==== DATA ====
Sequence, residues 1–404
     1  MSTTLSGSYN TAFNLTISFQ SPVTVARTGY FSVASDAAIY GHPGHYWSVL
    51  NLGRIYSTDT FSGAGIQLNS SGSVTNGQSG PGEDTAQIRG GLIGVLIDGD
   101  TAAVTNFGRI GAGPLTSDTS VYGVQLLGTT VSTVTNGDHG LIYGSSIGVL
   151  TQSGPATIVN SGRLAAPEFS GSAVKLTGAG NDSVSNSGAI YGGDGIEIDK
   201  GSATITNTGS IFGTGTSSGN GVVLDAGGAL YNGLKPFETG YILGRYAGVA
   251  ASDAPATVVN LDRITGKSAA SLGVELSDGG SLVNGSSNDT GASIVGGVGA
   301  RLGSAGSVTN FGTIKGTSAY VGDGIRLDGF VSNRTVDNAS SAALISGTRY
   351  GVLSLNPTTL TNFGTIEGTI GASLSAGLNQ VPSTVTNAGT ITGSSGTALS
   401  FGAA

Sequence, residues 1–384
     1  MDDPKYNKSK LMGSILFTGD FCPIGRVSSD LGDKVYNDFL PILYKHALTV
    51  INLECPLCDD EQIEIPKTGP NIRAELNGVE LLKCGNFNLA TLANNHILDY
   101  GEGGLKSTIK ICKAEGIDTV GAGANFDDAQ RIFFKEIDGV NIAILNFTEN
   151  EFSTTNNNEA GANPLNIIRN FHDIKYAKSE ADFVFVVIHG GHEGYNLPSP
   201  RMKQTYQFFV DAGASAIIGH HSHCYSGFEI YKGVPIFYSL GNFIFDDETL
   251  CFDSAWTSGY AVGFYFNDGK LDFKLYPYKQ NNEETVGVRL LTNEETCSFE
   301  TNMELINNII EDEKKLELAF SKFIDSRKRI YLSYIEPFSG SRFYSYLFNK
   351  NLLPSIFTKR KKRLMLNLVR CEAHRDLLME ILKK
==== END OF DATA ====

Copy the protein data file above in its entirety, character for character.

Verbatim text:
Sequence, residues 1–404
     1  MSTTLSGSYN TAFNLTISFQ SPVTVARTGY FSVASDAAIY GHPGHYWSVL
    51  NLGRIYSTDT FSGAGIQLNS SGSVTNGQSG PGEDTAQIRG GLIGVLIDGD
   101  TAAVTNFGRI GAGPLTSDTS VYGVQLLGTT VSTVTNGDHG LIYGSSIGVL
   151  TQSGPATIVN SGRLAAPEFS GSAVKLTGAG NDSVSNSGAI YGGDGIEIDK
   201  GSATITNTGS IFGTGTSSGN GVVLDAGGAL YNGLKPFETG YILGRYAGVA
   251  ASDAPATVVN LDRITGKSAA SLGVELSDGG SLVNGSSNDT GASIVGGVGA
   301  RLGSAGSVTN FGTIKGTSAY VGDGIRLDGF VSNRTVDNAS SAALISGTRY
   351  GVLSLNPTTL TNFGTIEGTI GASLSAGLNQ VPSTVTNAGT ITGSSGTALS
   401  FGAA

Sequence, residues 1–384
     1  MDDPKYNKSK LMGSILFTGD FCPIGRVSSD LGDKVYNDFL PILYKHALTV
    51  INLECPLCDD EQIEIPKTGP NIRAELNGVE LLKCGNFNLA TLANNHILDY
   101  GEGGLKSTIK ICKAEGIDTV GAGANFDDAQ RIFFKEIDGV NIAILNFTEN
   151  EFSTTNNNEA GANPLNIIRN FHDIKYAKSE ADFVFVVIHG GHEGYNLPSP
   201  RMKQTYQFFV DAGASAIIGH HSHCYSGFEI YKGVPIFYSL GNFIFDDETL
   251  CFDSAWTSGY AVGFYFNDGK LDFKLYPYKQ NNEETVGVRL LTNEETCSFE
   301  TNMELINNII EDEKKLELAF SKFIDSRKRI YLSYIEPFSG SRFYSYLFNK
   351  NLLPSIFTKR KKRLMLNLVR CEAHRDLLME ILKK